This question has come up a few times and is an area where I have heard differing opinions. Here I want to lay out some of the considerations and implications if allowing employees to choose between cash and equity compensation.
To summarize, companies like Netflix and more recently Shopify, offer varying degrees of flexibility when it comes to compensation. For example, they may allow employees to direct more of of their earnings directly into stock options rather than cash, or choose RSUs instead of options to suit the risk appetite of the employee.
Let’s start with arguments in favor of this approach.
Generally speaking more choice is viewed as a good thing. Jon Burg recently made the point on a webinar (I recommend watching this) that we offer employees plenty of flexibility already in the form of 401(k) contributions and ESPP, so why should equity be any different?
Flexibility also allows an employer to accommodate different employee needs and expectations. To some, taking plenty of stock may be ideal since they believe in the mission and don’t need the cash right away. To others, they may be trying to finance their first home or pay for their children’s education and the more base salary, the better. Flexibility means the ability to attract a greater spectrum of candidates in terms of their personal needs and risk appetites.
However the idea of flexibility can terrify even the most experienced stock plan administrator since it can be a bit of a nightmare. Clearly, it is possible, but we shouldn’t overlook the need for effective systems, processes, and people to manage this extra level of complexity. Most current systems are simply not designed to facilitate this approach.
Another challenge is employee understanding. Take this explanation of the Netflix supplemental stock option program, for example – how many Netflix employees do we think has this level of understanding? The fact is, many employees are understandably bewildered by equity, even in its simplest form. It isn’t a basic concept and education is critical to communicate the value of the reward, and ensure we are not misleading people. If we layer on further optionality, things get more complicated. When you offer someone cash, options, or RSUs, do they understand the different risk profiles? Do they understand the conversion factor between cash and equity vehicles? Do they understand that an option is worth zero and could always be worth zero? The Black-Scholes calculation that was used to determine the strike price? What about the tax implications, vesting schedule, implications of leaving, exercise window…?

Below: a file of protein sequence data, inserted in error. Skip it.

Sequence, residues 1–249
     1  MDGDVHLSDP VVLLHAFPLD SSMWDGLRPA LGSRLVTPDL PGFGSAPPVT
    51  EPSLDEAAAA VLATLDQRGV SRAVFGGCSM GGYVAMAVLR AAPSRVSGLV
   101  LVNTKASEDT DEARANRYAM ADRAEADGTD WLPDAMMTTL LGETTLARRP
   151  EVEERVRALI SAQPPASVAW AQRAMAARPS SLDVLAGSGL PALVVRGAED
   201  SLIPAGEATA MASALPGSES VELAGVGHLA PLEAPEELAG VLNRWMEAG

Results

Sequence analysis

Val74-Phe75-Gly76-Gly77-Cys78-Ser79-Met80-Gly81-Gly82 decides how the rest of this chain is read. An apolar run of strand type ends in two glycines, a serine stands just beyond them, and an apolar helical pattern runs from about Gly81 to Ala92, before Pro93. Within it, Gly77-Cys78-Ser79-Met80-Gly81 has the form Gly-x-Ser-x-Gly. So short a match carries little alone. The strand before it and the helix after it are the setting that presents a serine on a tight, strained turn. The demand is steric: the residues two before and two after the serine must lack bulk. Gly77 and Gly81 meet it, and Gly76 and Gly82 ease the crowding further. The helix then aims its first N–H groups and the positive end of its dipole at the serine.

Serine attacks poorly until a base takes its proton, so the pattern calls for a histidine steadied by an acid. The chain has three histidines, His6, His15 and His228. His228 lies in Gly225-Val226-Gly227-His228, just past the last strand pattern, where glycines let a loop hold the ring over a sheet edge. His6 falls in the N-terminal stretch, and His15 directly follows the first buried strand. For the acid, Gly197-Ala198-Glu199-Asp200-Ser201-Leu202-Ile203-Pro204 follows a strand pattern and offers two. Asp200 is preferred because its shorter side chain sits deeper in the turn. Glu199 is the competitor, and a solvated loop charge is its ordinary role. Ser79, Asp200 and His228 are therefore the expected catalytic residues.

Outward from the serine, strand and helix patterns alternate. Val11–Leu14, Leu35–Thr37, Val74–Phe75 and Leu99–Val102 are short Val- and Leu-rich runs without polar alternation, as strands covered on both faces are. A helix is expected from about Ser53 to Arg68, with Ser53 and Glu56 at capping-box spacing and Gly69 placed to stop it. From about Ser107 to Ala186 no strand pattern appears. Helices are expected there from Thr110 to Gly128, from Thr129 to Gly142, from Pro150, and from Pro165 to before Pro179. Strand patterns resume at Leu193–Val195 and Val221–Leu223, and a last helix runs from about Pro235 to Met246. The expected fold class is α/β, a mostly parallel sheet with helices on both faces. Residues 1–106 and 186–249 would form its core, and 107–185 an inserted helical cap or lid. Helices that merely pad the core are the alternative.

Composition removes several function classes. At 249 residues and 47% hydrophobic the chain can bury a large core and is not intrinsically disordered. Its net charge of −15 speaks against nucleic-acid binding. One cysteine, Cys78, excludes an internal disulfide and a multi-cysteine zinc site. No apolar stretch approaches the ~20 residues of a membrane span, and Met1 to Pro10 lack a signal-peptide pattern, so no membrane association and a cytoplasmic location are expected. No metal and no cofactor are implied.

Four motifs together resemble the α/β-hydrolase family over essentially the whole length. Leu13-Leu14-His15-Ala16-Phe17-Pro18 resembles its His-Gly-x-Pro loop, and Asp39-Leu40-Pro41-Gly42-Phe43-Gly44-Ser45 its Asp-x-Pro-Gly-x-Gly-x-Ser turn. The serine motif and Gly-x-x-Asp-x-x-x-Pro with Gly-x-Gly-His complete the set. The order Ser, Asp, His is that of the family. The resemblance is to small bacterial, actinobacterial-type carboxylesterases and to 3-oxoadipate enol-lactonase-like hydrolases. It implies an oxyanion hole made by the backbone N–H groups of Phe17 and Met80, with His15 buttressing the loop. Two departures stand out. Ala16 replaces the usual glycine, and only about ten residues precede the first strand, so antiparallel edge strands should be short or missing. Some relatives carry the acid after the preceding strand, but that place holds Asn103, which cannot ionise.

The educational barrier is not insurmountable, but it is real and needs careful consideration and investment to navigate. I would argue that most companies are not doing enough around equity education as it is, even with more traditional cash and equity models, never mind making it more complicated.
Another very real issue, I believe, is the implication for pay equity. Pay equity analyses are typically confined to base pay. If some employees have chosen to sacrifice their pay for equity, how can we make a comparison? This variable would need to be controlled for in the regression analyses that typically drive pay equity assessments in the form of (I imagine) some kind of weighted average cash:equity variable by employee.
The final issue I can think of is financial planning. Allowing an option between cash and equity may make it more difficult for accounting teams to build long-term forecasts, particularly cashflow, so parameters will need to be put in place to prevent any nasty surprises.
I suspect we will see more companies embrace optionality over time. If this is something your company is considering, it is definitely worth pursuing and discussing the merits of increased optionality as a means to differentiate your EVP in an increasingly crowded talent market. The key to success for me is knowing the obstacles, engaging early with the right stakeholders, and ensuring that employees understand what this means for them.